If negotiation is often stereotyped as a war of egos, then the death of presidential adviser Warren Christopher offers an opportunity to reflect on the role modesty and reserve can play in even the most contentious talks.
A lawyer who worked for companies such as IBM, Christopher also served as an aide to Democratic presidents Lyndon Johnson, Jimmy Carter, and Bill Clinton. In his memoir, Chances of a Lifetime (Simon & Schuster, 2001).
Christopher attributed his reputation and effectiveness to being a “private, discreet, reserved, and sometimes modest person.”
Early in life, he learned a lesson that doubtless contributed to his negotiation successes: “The more listening you do, the more people will trust you.” Silence, he wrote, “begets confidence as well as confidences … even if silence means only that you know nothing about what they are talking about.”
As Carter’s deputy secretary of state, Christopher took over the prolonged negotiations for
the release of 52 American hostages held in Iran following the 1979 Iranian revolution. In late 1980, Christopher traveled back and forth between Algeria, which mediated the crisis, and Washington.
Iran Hostage Agreement
He ultimately brokered an agreement for the hostages to be released in exchange for an unfreezing of Iranian assets and the lifting of sanctions. Uncharacteristically,
Christopher wept at the news of the hostages’ release.
At various points in his career, Christopher was alternately criticized and appreciated for his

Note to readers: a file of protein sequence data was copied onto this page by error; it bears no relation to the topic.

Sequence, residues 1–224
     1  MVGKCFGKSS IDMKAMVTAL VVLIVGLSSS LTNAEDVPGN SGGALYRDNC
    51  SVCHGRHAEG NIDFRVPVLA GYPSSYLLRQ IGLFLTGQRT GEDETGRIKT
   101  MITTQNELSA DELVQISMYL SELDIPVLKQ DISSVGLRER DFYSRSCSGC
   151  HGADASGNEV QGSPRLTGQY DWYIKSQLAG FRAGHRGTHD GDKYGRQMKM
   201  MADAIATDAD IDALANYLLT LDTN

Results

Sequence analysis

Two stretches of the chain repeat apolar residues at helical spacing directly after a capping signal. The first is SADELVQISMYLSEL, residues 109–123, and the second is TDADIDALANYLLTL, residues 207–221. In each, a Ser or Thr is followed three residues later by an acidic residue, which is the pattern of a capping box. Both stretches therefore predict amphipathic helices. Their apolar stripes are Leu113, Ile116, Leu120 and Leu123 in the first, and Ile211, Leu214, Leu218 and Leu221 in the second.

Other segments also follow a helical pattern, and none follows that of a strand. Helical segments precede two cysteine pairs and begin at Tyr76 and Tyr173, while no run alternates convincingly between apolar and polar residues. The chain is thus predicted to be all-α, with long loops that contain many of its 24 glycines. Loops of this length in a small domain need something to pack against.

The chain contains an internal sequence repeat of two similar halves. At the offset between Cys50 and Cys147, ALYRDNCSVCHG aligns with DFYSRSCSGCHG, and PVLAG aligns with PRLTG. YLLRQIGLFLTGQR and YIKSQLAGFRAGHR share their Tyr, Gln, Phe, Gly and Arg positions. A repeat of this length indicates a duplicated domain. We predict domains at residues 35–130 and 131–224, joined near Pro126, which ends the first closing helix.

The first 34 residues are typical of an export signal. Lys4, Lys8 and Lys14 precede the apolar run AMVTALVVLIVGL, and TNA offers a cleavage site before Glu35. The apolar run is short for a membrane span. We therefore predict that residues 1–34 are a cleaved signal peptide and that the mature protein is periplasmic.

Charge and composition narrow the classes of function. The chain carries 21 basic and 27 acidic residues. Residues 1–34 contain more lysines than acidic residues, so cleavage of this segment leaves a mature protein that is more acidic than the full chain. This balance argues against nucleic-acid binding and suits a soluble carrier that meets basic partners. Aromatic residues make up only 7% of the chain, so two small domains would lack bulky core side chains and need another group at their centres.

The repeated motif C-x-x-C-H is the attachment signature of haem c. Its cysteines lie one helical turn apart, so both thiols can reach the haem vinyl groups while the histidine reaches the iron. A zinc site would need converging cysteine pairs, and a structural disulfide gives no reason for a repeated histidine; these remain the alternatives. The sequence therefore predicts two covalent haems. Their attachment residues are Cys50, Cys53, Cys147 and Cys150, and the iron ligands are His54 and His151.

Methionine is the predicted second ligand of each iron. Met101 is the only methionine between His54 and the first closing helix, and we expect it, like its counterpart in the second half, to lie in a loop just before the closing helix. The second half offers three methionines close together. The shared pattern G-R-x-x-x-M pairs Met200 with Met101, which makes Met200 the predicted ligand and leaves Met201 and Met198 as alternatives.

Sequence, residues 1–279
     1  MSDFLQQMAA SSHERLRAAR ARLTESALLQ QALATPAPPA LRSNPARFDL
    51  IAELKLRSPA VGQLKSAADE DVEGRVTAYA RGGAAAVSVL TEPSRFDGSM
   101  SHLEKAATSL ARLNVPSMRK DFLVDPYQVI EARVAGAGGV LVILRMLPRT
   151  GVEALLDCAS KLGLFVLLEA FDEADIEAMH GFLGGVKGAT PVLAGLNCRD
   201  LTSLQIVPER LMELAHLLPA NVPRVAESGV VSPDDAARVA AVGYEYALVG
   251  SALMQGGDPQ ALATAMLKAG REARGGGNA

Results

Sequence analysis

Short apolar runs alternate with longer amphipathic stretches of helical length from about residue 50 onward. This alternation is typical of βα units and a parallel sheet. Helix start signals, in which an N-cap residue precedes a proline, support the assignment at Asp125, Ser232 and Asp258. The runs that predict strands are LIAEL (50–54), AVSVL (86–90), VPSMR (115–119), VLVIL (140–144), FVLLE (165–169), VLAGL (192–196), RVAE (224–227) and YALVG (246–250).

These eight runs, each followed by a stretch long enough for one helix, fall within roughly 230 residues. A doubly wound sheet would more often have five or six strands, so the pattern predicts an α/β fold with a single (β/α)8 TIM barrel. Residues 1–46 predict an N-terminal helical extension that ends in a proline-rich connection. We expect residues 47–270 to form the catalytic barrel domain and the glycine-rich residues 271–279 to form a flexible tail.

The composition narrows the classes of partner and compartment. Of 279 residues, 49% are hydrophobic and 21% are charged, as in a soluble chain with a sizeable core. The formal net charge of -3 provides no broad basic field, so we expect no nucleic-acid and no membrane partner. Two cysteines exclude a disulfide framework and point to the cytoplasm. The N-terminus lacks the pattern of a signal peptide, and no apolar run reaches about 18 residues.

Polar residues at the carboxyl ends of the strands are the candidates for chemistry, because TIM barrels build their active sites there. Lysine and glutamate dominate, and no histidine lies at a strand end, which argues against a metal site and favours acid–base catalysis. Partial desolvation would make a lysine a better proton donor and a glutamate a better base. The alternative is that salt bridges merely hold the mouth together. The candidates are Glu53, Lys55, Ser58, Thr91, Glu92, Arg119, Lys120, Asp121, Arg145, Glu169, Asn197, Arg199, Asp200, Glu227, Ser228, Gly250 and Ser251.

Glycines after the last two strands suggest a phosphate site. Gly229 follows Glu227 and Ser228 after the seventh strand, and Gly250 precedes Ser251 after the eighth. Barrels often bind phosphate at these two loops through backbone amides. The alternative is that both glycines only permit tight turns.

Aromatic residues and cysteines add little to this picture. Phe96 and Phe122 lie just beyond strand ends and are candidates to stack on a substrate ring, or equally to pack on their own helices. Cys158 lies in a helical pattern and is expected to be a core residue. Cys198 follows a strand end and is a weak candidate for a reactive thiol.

tendency to focus on rules and procedures while avoiding risks and policy decisions. As the secretary of state during Clinton’s first term, instead of constructing an overarching post–Cold War foreign policy, Christopher allowed himself to be absorbed by regional conflicts in Haiti, Somalia, and Bosnia.
The Wall Street Journal attributed Christopher’s practical style to his lawyerly background, “steeped in the art of negotiation.”
When the 2000 presidential election reached a stalemate, Christopher oversaw Al Gore’s unsuccessful vote recount effort in Florida.
Some observers believe his meticulous attention to the legal details of the case made him no match for George W. Bush’s team, which waged a tough campaign on multiple fronts.
Yet Ronald A. Klain, Gore’s former chief of staff, told the New York Time’s that it was Christopher’s decision to fight for a recount—a controversial move at the time—and noted that despite his courtly style, Christopher was fiercely committed to battling on behalf of his client.